The second day of the Beijing International Book Fair continued to see crowded booths and satisfied exhibitors despite the 80-minute (or longer) commute from the city center to the three-year-old new exhibition center. Deals were sealed, interesting collaboration formed and new ventures launched.
CNP eReading platform, with over 200,000 titles from more than 300 international publishers, is one of these new ventures. Developed by Publishing Technology and managed by CNPIEC (China National Publications Import & Export Corp.), the digital hub is available in both English and Mandarin. The platform is set to increase its content dramatically next year once Publishing Technology’s 250 customers start hosting 12,000-plus journals on the platform. “We are extremely proud to play a continued role in the advancement of Chinese library digitization and increasing the opportunities for international publishers to gain exposure in China. Our partnership with CNPIEC is helping the platform to grow in strength and depth while our connection with local digital publishing experts is benefiting our international clients,” said CEO George Lossius of Publishing Technology, who was appointed to China Book International (CBI) Advisory Board early last week. To assist in the outreach program, a number of international publishers has been invited to the First International Journals Conference, running from September 14 to 16, at Wuhan International Expo Center (about 1,100 kilometers away from Beijing).
Over at Highlights, the American children’s magazine publisher, a new contract was inked with the children’s division of the Beijing Institute of Technology Press for the Zaner-Bloser Handwriting series. The Chinese emphasis on calligraphy and form, said managing director Michael Davis, “translates well into an interest in handwriting, and this series is about writing as well as speaking. We have also sold Hidden Pictures Puzzles to Beijing Science & Technology Press, Mathmania Puzzles to Jieli Publishing, and magazines to Xueyouyuan Education Media.” Half of Highlights’ international business comes from China. “We expected the growth rate to slow down but the opposite is happening, meaning that we have not even begun to hit the maximum potential,” said international v-p Andy Shafran, whose team has already sold four million Highlights products in the country.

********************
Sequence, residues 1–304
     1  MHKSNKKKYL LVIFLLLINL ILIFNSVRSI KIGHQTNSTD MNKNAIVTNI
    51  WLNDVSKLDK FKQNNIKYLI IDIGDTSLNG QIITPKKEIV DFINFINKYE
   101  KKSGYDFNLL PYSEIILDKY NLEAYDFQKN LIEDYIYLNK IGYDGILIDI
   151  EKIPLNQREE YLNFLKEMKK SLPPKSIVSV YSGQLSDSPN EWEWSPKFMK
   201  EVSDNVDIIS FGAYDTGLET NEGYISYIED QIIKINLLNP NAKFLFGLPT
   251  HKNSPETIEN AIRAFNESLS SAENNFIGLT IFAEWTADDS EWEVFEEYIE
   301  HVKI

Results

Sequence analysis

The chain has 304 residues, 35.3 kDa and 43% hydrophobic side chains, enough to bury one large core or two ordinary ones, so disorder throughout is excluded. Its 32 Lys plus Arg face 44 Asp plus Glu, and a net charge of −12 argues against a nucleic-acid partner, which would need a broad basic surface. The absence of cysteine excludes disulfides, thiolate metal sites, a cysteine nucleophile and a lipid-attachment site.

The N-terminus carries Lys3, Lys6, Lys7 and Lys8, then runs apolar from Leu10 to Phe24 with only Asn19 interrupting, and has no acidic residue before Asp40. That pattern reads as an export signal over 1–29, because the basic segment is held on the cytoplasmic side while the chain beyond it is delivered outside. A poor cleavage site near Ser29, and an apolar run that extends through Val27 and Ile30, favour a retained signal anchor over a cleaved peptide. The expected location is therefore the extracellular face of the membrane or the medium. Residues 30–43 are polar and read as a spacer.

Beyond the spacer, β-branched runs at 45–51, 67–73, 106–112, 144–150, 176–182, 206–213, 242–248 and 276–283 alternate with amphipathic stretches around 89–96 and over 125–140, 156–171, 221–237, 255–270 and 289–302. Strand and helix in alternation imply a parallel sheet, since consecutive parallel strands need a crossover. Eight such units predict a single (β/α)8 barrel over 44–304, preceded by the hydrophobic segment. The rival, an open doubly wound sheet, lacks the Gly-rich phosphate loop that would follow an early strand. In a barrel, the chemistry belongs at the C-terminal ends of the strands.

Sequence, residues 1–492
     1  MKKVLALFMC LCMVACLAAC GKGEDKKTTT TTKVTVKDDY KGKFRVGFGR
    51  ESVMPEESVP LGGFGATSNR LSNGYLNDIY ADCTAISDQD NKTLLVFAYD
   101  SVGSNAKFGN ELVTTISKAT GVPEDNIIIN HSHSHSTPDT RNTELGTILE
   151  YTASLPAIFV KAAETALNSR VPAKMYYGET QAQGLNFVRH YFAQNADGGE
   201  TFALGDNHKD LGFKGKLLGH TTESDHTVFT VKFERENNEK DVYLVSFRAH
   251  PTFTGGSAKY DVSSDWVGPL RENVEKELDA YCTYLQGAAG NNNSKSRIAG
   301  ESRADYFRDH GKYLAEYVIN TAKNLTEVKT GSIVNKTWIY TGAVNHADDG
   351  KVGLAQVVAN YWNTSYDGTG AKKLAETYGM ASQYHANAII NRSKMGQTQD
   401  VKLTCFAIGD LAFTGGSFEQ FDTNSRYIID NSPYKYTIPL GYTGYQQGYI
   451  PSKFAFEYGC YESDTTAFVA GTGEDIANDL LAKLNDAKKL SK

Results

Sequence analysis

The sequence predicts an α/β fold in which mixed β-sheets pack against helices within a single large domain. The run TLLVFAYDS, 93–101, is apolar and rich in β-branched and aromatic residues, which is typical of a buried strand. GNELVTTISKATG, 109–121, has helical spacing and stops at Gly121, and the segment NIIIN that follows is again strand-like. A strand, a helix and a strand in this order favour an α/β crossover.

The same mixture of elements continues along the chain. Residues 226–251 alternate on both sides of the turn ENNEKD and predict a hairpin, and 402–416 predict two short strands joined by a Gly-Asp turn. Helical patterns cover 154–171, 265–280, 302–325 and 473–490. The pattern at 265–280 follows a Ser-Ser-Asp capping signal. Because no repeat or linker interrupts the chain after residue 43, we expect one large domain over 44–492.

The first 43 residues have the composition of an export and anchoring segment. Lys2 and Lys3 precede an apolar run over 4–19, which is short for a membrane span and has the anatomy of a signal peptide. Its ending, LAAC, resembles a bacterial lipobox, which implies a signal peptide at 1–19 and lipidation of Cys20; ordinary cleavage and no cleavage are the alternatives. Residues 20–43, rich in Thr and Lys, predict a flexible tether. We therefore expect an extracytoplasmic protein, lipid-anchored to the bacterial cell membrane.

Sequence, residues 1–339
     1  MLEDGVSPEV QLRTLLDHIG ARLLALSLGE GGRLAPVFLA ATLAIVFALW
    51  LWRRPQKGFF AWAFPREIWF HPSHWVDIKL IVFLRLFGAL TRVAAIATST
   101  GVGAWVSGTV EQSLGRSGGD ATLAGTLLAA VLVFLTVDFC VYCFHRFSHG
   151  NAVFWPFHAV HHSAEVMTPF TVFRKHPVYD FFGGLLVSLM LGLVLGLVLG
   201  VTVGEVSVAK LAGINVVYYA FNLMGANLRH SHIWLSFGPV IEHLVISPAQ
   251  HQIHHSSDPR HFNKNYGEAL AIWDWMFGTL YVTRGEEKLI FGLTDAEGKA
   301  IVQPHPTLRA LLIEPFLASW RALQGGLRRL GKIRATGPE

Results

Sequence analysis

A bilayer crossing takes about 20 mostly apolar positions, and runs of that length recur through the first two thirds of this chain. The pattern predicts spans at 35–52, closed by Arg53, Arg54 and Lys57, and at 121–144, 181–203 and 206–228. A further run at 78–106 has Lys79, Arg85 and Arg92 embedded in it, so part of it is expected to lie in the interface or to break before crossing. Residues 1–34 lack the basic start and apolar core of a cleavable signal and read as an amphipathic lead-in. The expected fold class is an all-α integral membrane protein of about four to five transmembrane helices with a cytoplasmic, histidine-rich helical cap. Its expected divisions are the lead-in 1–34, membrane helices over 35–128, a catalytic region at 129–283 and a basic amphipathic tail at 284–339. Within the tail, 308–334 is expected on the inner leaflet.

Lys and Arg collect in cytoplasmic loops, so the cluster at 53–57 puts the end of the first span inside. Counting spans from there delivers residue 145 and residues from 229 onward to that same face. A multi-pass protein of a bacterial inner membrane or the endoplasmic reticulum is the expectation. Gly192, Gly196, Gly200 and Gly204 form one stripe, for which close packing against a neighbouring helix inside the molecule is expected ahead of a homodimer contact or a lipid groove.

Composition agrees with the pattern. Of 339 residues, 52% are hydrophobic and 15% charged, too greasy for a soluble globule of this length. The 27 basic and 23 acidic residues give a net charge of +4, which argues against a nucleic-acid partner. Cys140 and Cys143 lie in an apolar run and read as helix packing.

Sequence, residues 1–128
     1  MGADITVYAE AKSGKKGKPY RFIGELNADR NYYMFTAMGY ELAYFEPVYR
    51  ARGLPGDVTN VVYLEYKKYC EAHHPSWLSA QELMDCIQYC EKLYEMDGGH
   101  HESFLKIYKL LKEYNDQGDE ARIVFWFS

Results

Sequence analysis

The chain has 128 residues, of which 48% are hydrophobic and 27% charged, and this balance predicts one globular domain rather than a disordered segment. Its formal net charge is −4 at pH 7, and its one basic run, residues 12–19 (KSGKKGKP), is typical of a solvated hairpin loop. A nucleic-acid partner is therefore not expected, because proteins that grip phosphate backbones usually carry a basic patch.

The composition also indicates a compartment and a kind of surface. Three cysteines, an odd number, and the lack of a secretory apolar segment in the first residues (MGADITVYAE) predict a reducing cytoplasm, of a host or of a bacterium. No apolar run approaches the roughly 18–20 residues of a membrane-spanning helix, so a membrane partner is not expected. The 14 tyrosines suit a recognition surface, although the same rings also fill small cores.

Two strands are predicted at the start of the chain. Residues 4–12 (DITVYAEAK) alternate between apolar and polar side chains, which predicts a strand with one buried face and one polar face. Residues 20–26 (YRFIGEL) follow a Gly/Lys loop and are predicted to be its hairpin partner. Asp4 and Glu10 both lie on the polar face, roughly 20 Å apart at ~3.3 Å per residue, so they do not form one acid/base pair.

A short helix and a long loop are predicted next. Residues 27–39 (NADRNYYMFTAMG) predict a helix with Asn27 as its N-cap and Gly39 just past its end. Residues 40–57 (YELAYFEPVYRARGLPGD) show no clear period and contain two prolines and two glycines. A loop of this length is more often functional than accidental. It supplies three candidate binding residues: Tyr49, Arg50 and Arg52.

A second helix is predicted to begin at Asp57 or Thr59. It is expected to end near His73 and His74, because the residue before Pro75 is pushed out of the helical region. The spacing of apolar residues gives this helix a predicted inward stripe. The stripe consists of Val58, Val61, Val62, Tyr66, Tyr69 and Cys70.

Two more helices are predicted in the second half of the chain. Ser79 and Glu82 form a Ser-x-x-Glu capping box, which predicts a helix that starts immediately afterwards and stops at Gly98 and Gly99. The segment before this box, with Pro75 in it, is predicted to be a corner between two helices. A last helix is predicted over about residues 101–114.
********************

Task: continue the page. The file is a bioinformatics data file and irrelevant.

On the other hand, the buzzing Chinese automotive industry has certainly played a role in boosting sales for SAE International, with titles such as Thomas D. Gillespie’s Fundamentals of Vehicle Dynamics and Richard Van Basshuysen’s Internal Combustion Engine Handbook ranking high on its bestseller list. For reseller sales representative Amy Shreckengost, appointing third parties such as CNPIEC provides quick access to local market expertise and established distribution networks. “Our rapid growth in China has prompted the establishment of our own Shanghai office about three years ago, and our staff has since been busy organizing various aerospace events,” she said. SAE is also expanding its presence via university consortia DRAA through its partnership with iGroup Asia Pacific.
For journals and books aggregator JStor, selling to China is nothing new. “We have been working with Chinese universities and colleges for the past eight years—which is half as long as our history—but we want to do more. So here I am participating at BIBF for the first time,” said director of books Frank Smith. “My targets are newly formed universities and institutions that would be more prepared for our digital content and subscription program, through which we offer a full library of 20,000 books and 2,000 scholarly journals, totalling six million pages.”
Over at London-based I.B. Tauris, the intensified interest coming from Chinese publishers for its nonfiction titles in the past year has prompted it to get its own booth this time. For rights manager Alice Orton, this is basically an exploratory trip to get a better feel of the market, see what is selling and what others are doing. “It is about making our presence felt and establishing direct contact with potential partners. This experience will better prepare me for the next BIBF,” said Orton, pointing out that history titles are getting a lot of attention at the fair. In the past decade, I.B. Tauris had worked mostly through rights agencies such as Big Apple. With more than 40 meetings arranged during this fair, Orton is just getting started.
The Chinese market, said Paul Whitton, head of Lion International at Lion Hudson, “requires lots of patience and perseverance with customers sizing you up to see if you are a good match and a reliable partner.” His mantra of slow-but-sure has netted sales of over 55 titles—20 just in 2012—with The Children’s Bible in 365 Stories the bestseller. “Bible stories are popular because few were available in Chinese previously. Overall, the Chinese interest in spirituality has always been strong, and that is a boon for us.” Recent months however have seen Whitton doing a lot more general children’s books such as eco-themed The Last Tiger. “We are also getting into animation with My Look & Point Bible, for instance, where the pack comes with a bilingual English/Chinese book, an optical Live Pen and two DVDs of animated stories—a great title that supports English language learning.”